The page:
When looking to study the ancient religion of Buddhism, one can feel lost or overwhelmed, not knowing where to begin. Buddhism does not have a holy book to turn to for guidance and, if you live in a Western culture, finding someone to guide you along the teachings of the Buddha might not be possible.
There are many different ways to go about the teachings of Buddhism. Some include scientific approaches, while others include Zen, Mahayana or Theravada schools of thought.
What are the Best Buddhism Books to read?
Buddhism is centered around a few main teachings: Four Noble Truths, the Noble Eightfold Path, the Three Doors of Liberation, the Three Dharma Seals, and the Seven Factors of Awakening. As the religion dates back to 5 BCE, these teachings are complex, deep and interpreted differently by Buddhist practitioners and teachers.
If you’re looking to open your mind and soul to the teachings of the Buddha or deepening your knowledge and understanding of principles that you already practice, there are a few books that might help you on your journey to enlightenment.
Best Books on Buddhism: Our Top 20 Picks
Here are some of the best buddhism books that you can consider to expand your knowledge on the subject:
1. The Book of Joy: Lasting Happiness in a Changing World
The Book of Joy: Lasting Happiness in a Changing World is a conversation between two men who have found everlasting happiness and peace despite having experienced decades of exile and despair.
In 384 pages readers glimpse into the week His Holiness the Dalai Lama and Archbishop Desmond Mpilo Tutu spent together where they discussed how they have managed to find joy in the midst of suffering.
They confront the Obstacles of Joy telling each other, and the reader, what they are and how to overcome. Furthermore, the authors lay out the foundations of the Eight Pillars of Joy which lay the groundwork for living a life of true, unwavering happiness.
The Dalai Lama and the Archbishop’s week of conversations and embrace are broken down into three main conversations:
1. The Nature of True Joy: how to shift your perspective and birth Joy from Suffering
2. The obstacles to Joy: Fear, Anger, Sadness, Despair, Loneliness, Envy, Suffering and finally Illness & Death.
3. The Eight Pillars of Joy: Perspective, Humility, Humor, Acceptance, Forgiveness, Gratitude, Compassion and Generosity.
Finally, the book concludes with a guide to shift your everyday thinking in order to take thoughts that would otherwise be negative and turn them into joy with ease.
- Authors: Dalai Lama (Author), Desmond Tutu (Author), Douglas Carlton Abrams (Author)
- Publisher: Avery; Later prt. edition (September 20, 2016)
- Pages: 384 pages
2. The Art of Happiness, 10th Anniversary Edition: A Handbook for Living
Howard C. Cutler, M.D., is a psychiatrist, best-selling author, and speaker. A leading expert on the science of human happiness,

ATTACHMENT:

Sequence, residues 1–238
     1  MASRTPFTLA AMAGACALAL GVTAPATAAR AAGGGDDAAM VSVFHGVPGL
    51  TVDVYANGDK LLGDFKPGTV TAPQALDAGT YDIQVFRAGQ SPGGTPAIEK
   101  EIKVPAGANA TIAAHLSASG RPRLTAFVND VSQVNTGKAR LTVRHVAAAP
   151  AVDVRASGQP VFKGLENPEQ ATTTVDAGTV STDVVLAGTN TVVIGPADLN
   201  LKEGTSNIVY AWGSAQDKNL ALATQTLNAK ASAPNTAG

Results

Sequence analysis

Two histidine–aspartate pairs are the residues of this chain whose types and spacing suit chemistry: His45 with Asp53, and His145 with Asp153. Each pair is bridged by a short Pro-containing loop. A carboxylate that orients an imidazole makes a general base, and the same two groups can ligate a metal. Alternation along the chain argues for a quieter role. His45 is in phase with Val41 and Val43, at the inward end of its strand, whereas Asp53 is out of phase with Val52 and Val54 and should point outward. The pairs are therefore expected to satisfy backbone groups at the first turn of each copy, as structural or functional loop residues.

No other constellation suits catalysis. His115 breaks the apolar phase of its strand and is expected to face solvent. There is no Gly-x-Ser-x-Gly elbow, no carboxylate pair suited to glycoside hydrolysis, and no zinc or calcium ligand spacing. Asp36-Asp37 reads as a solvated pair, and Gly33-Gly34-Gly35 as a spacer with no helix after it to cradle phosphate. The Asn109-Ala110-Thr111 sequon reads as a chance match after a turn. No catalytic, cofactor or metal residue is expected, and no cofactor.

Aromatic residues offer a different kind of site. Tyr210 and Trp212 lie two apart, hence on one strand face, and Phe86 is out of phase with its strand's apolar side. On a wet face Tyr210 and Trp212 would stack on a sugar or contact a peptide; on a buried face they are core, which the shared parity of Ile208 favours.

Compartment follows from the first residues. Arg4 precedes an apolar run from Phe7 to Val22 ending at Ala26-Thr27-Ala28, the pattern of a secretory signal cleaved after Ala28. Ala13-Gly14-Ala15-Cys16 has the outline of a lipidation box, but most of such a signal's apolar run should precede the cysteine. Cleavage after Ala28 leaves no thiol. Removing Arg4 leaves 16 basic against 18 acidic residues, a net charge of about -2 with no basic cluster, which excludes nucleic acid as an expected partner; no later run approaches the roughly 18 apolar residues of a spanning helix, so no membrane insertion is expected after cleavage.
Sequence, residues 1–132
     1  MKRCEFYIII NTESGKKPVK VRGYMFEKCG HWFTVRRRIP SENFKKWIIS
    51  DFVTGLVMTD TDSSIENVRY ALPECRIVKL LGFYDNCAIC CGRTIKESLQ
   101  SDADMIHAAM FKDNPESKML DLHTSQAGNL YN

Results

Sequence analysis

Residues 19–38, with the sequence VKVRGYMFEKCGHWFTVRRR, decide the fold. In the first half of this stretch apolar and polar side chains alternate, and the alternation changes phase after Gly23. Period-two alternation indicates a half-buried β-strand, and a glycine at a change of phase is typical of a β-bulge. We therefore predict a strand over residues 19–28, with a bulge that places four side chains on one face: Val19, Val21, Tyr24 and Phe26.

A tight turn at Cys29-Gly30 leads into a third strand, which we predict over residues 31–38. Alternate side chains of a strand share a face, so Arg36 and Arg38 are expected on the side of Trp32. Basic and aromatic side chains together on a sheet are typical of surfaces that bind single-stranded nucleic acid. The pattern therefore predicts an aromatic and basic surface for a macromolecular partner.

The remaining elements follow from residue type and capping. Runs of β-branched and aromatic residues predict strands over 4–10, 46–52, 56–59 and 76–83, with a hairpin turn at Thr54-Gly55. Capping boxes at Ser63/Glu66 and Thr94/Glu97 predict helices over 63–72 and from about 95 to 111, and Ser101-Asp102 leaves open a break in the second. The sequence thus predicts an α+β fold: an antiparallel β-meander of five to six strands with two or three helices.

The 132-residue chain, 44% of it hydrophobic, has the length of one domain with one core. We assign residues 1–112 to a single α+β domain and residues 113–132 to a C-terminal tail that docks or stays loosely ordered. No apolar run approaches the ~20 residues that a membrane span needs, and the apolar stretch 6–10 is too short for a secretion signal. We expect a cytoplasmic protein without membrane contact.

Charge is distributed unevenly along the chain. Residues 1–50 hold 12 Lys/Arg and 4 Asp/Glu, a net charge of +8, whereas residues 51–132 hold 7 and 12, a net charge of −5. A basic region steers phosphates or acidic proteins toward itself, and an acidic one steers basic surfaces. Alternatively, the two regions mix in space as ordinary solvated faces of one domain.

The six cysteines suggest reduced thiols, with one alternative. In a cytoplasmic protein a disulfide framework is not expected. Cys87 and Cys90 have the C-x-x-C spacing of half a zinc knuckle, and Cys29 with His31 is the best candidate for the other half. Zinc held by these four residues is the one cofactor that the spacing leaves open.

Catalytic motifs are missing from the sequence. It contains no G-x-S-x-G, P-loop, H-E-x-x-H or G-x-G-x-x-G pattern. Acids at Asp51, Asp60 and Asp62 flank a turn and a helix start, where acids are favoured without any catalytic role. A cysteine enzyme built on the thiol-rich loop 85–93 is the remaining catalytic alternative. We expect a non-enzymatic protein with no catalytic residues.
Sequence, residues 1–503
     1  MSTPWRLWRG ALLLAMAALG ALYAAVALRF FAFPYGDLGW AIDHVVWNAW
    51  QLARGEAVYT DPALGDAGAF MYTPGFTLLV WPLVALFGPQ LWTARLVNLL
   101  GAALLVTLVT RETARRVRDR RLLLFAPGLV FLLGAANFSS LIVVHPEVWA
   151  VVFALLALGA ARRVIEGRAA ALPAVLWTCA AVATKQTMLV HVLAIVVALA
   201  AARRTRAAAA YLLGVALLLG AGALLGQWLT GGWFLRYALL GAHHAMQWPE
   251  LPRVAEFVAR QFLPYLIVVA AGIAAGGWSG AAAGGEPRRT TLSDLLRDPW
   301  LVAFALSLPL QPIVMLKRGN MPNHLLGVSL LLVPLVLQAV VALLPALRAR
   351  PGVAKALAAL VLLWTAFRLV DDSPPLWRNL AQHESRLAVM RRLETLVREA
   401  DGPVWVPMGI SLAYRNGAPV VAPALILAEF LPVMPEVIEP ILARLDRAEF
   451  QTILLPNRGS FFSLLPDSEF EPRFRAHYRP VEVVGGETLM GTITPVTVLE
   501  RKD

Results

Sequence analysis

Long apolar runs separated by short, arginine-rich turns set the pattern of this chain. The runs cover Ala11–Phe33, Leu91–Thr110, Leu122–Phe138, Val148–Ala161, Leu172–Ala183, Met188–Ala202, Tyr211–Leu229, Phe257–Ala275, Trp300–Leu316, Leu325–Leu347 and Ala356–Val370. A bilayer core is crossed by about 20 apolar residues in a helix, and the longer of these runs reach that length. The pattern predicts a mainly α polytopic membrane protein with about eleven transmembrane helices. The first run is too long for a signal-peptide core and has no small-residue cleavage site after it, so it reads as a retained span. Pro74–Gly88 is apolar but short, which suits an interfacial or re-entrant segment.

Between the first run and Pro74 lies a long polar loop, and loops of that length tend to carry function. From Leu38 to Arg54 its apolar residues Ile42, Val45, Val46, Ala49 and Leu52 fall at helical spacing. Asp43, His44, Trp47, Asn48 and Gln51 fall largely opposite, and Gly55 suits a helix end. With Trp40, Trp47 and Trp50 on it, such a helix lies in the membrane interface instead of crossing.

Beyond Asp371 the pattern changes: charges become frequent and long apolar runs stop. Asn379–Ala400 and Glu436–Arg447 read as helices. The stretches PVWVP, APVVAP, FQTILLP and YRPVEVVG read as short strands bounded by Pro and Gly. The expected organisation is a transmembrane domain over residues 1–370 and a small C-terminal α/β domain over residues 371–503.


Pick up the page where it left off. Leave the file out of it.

352 pages Originally published in 1999
The Art of Happiness, 10th Anniversary Edition: A Handbook for Living combines the knowledge and power behind Buddhist teachings with the practicality of science and psychology.
Dr. Howard C Cutler, a psychiatrist and best-selling author, interviews His Holiness the Dalai Lama in this 352-page book. This book is less of a guide to the teachings of Buddhism and more of a roadmap for how to live life as a wholly happy and peaceful being.
His Holiness the Dali Lama tells his stories firsthand and Dr. Cutler relays them to the reader, giving context for their meetings as well as his personal reflections of the discussions. The author even includes exact transcripts of the Dali Lama’s teachings. The 14th Dali Lama gives insight to his personal experiences that most would determine as loss, suffering and anger and explains how he has, through the teaching of the Buddha, made room for nothing other than joy – and how you can too.
- Authors: Dalai Lama (Author)
- Publisher: Riverhead Books; Anniversary edition (October 1, 2009)
- Pages: 352 pages
3. The Heart of the Buddha’s Teaching: Transforming Suffering into Peace, Joy, and Liberation
Author Thich Nhat Hanh is a Vietnamese monk and Zen master. In 1967, he was nominated for the Nobel Peace Prize by Martin Luther King, Jr.
In 304 pages, Thich Nhat Hanh gives a comprehensive guide to the essential teachings of the Buddha: The Four Noble Truths, the Noble Eightfold Path, the Three Doors of Liberation, the Three Dharma Seals, and the Seven Factors of Awakening.
This guide to Buddhism uses many metaphors to take abstract concepts and present them in a way that is similar to a real-life situation. The metaphors aid the reader in attaching meaning and definition to concept.
While doing so, the author breaks down each teaching into its most essential parts to make this book on Buddhist principals a well-written guide and a book that can be referenced time and time again.
If you are unsatisfied upon finishing this book and want to learn even more, Thich Nhat Hanh provides references to other Buddhist teacher’s works, canonical texts and other works of his own.
- Authors: Thich Nhat Hanh (Author)
- Publisher: Harmony; 1st Broadway Books trade pbk. ed edition (June 8, 1999)
- Pages: 304 pages
4. Why Buddhism Is True: The Science and Philosophy of Meditation and Enlightenment
Why Buddhism is True Is a personal account from author Robert Wright on his journey though meditation and the dissolution of the ‘self.’ In 336 pages, Wright uses psychology, neuroscience and philosophy to show how and why Buddhism is true.
This book is great for anyone who has knowledge of Buddhism but still has questions as to how to live the Buddhist lifestyle. Diving deeper, this book is for anyone who has questions that can’t be answered by typical Buddhist teachings and jargon.
This book gets to the heart of what really works about Buddhism on a scientific level – how meditation can change the way our brains function and therefore our view of the world and ourselves.
- Authors: Robert Wright (Author)
- Publisher: Simon & Schuster; Reprint edition (May 8, 2018)
- Pages: 336 pages
5. Buddhism Plain and Simple: The Practice of Being Aware, Right Now, Every Day
This is a proper book for anyone who is interested in Buddhism, awareness, mindfulness and being fully present in every moment. In 159 pages, Zen teacher Steve Hagen reiterates the fact that the teachings of the Buddha are rooted in awareness and being fully present. Therefore, they are unchanging and remain as solid today as they were when they were first brought to light.